Kuyper was without dispute a prolific author. Two things are crystal clear when you start to dip into Kuyper’s writings on any number of topics: (1) Kuyper loved and immersed himself in Scripture and (2) he had a deep conviction that Scripture is able to — indeed must — speak to the public issues of the day. I want to explore Kuyper’s use of Scripture for public theology; that is, how does Scripture speak into the challenges and issues of contemporary culture. To this end, I will describe Kuyper’s use of Scripture in a series of newspaper articles that he wrote in 1895, translated and published under the title “Christ and the Needy.”
These articles arose because of a backlash that Kuyper received against some comments he made in an election campaign about the social divide between the rich and the poor. It seems wealthy and prominent Christians took offence at Kuyper’s comments which provided the occasion for Kuyper to defend in a conciliatory way his understanding of the implications of Jesus’ instruction in the social realm. Kuyper wanted to answer the quite specific question: What does Jesus have to teach us about our social responsibility to the poor? In this very public forum and in response to political detractors, Kuyper offers a biblical defense for the care of the most vulnerable in society. We can, I think, learn at least 6 (brief) lessons from Kuyper’s use of the Bible in response to this very contemporary problem.
First, Kuyper was careful to frame Jesus’ teachings about the rich and poor within Jesus’ own social and cultural context. Kuyper could easily have drawn a random collection of prooftexts from the Gospel accounts to support his point. However, he did not short-circuit the exegetical process and so he briefly outlined the Roman cultural context. This provides a firm footing to compare and contrast the social setting of Jesus with the one which Kuyper was addressing.
Second, Kuyper carefully situated Jesus’ teachings within the larger biblical theological framework. Kuyper was clearly steeped in the teachings of Scripture, and before even attempting to expound Jesus’ teaching on the rich and poor, he delved deeply into the teachings of the Old Testament. He drew particularly on the Pentateuch (Genesis – Deuteronomy), but also on the Psalms, Proverbs, Job and the Prophets. Kuyper establishes that the ministry of mercy which is typified in the second great commandment (“love your neighbor as yourself”) is at the heart of Israel’s purpose for existence (Israel’s mission) in the Old Testament. In the current crisis of biblical illiteracy in the church today, a recovery of biblical theology of the kind that Kuyper effortlessly engaged in is absolutely essential.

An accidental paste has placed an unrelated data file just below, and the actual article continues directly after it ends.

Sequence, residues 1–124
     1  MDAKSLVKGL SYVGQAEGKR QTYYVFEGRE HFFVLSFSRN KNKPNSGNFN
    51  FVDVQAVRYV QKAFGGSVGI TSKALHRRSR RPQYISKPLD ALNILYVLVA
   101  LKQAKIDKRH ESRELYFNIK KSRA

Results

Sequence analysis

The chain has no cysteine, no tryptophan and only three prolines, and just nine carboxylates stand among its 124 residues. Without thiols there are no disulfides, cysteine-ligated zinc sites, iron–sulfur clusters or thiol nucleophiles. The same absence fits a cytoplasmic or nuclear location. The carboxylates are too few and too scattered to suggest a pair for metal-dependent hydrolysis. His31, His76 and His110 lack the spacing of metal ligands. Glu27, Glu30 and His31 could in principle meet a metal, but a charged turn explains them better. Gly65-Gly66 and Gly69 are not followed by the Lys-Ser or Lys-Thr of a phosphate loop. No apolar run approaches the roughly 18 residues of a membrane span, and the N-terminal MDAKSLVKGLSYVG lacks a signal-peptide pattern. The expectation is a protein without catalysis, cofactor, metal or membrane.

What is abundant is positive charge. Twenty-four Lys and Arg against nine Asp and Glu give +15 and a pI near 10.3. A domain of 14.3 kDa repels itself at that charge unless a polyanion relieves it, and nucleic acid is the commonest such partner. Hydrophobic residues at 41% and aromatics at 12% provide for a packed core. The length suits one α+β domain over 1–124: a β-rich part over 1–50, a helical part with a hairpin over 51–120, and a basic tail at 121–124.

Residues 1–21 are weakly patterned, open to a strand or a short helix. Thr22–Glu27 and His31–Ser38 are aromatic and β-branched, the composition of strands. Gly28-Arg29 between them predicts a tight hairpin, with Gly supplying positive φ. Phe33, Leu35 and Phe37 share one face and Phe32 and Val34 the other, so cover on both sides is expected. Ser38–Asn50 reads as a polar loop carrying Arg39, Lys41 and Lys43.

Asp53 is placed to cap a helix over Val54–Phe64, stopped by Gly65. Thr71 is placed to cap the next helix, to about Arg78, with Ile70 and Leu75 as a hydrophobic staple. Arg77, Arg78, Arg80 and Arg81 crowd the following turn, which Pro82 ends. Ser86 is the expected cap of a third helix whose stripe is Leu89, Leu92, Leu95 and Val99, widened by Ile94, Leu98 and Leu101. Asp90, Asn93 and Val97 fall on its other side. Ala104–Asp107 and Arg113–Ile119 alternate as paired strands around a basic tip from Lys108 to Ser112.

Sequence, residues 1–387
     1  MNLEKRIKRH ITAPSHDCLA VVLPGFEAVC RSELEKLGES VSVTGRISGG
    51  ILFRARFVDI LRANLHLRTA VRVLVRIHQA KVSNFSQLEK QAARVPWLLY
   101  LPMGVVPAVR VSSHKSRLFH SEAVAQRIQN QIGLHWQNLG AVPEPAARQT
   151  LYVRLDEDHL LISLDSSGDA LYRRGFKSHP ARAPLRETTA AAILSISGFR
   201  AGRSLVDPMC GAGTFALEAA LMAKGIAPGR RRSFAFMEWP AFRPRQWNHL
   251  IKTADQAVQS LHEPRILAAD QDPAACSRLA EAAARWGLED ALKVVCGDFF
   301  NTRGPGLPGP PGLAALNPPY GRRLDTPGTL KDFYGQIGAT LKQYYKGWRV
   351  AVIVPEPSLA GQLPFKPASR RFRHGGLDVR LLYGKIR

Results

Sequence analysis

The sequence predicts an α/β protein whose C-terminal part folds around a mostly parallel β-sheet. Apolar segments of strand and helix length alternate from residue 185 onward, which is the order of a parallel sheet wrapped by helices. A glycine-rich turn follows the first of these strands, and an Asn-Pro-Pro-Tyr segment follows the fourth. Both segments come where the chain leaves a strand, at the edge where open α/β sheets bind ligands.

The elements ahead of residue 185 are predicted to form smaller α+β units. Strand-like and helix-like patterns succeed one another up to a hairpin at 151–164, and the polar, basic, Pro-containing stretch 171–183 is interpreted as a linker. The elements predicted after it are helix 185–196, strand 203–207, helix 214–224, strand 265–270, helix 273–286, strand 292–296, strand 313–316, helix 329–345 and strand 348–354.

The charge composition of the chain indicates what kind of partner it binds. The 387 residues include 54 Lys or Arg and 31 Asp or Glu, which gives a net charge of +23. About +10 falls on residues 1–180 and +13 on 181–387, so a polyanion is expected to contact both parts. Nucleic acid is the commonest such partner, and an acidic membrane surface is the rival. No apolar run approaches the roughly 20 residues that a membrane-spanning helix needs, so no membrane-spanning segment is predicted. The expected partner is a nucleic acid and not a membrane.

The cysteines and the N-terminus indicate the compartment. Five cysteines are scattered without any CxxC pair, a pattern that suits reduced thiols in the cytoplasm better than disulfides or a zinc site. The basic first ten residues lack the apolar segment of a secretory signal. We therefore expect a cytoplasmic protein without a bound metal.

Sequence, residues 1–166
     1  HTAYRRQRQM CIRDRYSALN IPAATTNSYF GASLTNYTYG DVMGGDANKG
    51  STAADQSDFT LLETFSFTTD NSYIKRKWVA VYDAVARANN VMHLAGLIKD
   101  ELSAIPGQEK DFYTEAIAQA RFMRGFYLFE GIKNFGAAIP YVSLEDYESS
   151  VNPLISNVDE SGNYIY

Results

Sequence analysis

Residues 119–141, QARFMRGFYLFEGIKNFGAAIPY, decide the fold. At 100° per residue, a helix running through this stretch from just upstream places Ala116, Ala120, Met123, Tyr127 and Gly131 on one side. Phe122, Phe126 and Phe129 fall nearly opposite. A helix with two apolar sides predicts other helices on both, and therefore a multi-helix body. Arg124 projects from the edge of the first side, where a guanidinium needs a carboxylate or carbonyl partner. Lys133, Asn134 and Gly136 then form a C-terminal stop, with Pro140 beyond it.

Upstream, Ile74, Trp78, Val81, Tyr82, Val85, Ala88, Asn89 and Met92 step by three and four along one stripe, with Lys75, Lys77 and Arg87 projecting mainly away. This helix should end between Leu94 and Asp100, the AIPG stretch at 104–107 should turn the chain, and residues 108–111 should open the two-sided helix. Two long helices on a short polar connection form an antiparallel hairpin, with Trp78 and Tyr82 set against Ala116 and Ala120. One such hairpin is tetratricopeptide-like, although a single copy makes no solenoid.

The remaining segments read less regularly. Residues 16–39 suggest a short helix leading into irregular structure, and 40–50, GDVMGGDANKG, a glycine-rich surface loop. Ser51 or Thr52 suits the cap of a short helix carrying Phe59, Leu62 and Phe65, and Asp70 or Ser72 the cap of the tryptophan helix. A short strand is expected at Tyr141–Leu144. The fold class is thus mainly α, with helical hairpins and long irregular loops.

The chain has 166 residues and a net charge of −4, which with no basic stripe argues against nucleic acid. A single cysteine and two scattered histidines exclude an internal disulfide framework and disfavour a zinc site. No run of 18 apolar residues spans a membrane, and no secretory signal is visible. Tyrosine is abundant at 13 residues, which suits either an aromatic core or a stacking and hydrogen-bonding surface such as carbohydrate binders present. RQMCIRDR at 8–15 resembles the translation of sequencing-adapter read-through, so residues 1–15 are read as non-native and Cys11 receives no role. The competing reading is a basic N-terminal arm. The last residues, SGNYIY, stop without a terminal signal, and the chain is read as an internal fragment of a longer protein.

Third, Kuyper’s close reading and thorough analysis of the Gospel accounts provided the basis of his understanding of Jesus’ social teaching. Having outlined the cultural and biblical context of Jesus’ teaching, Kuyper turned his attention to the Gospel accounts themselves. He not only expounded what Jesus teaches about the poor but makes keen observations and conclusions from the subtle clues in the text. Thus, Kuyper’s understanding of Jesus’ teachings on the rich and poor focused not only on what Jesus taught explicitly but also on things like Jesus’ humble birth, his upbringing and family relations, who he gathered around himself and interacted with, his priorities, and so on. Such close attention to the details of the Gospel texts through the particular lens of rich/poor yields insights that are difficult to dispute. We can certainly learn from Kuyper’s close attention to the details of the text.
Fourth, Kuyper was aware of the critical issues surrounding the academic interpretation of the Bible, but these are not his focus and they do not deter him from drawing on the Bible as the Word of God for public theology. At various points in the articles, he showed an awareness of surrounding issues, particularly related to the synoptic problem (i.e., the problems that arise when comparing and contrasting the Gospel accounts). Where necessary, he engaged these in a fairly nuanced way (or at least as nuanced as he could be in a newspaper article), but he did not allow these matters to sidetrack his attempt to understand Jesus’ teaching on social matters.
Fifth, Kuyper aimed to allow Scripture to speak into the cultural situation of his day rather than trying to justify a particular system from Scripture. For example, he carefully described how the currents of the Gospel undercut the extremes of free market capitalism on the one hand and those of communism on the other. Kuyper did not try to prop up a particular social agenda but rather listened to Scripture to see how it might address current issues.
Finally, all of this demonstrates just how serious Kuyper was about the application of Scripture. His exegetical and careful analysis of Scripture yielded relevant application. Whether the application had to do with idolatrous structures and systems in society or whether it informed specific practices (like almsgiving, lending principles, or the practice of tithing), Kuyper was insistent that the Word speaks relevantly today.
I hope this brief description of Kuyper’s use of the Bible for public theology has not merely been interesting but also, dare I say, inspiring. Too often we have domesticated Scripture and as a consequence have muted the powerful and comprehensive address of God in Scripture. Kuyper offers us a model and tools for listening attentively to Scripture so that it speaks to the challenges of contemporary culture, a model that is worth retrieving, deepening and renewing for today.
David Beldman is Associate Professor of Religion and Theology at Redeemer University. This article first appeared in the Kirby Laing Centre’s Big Picture Magazine.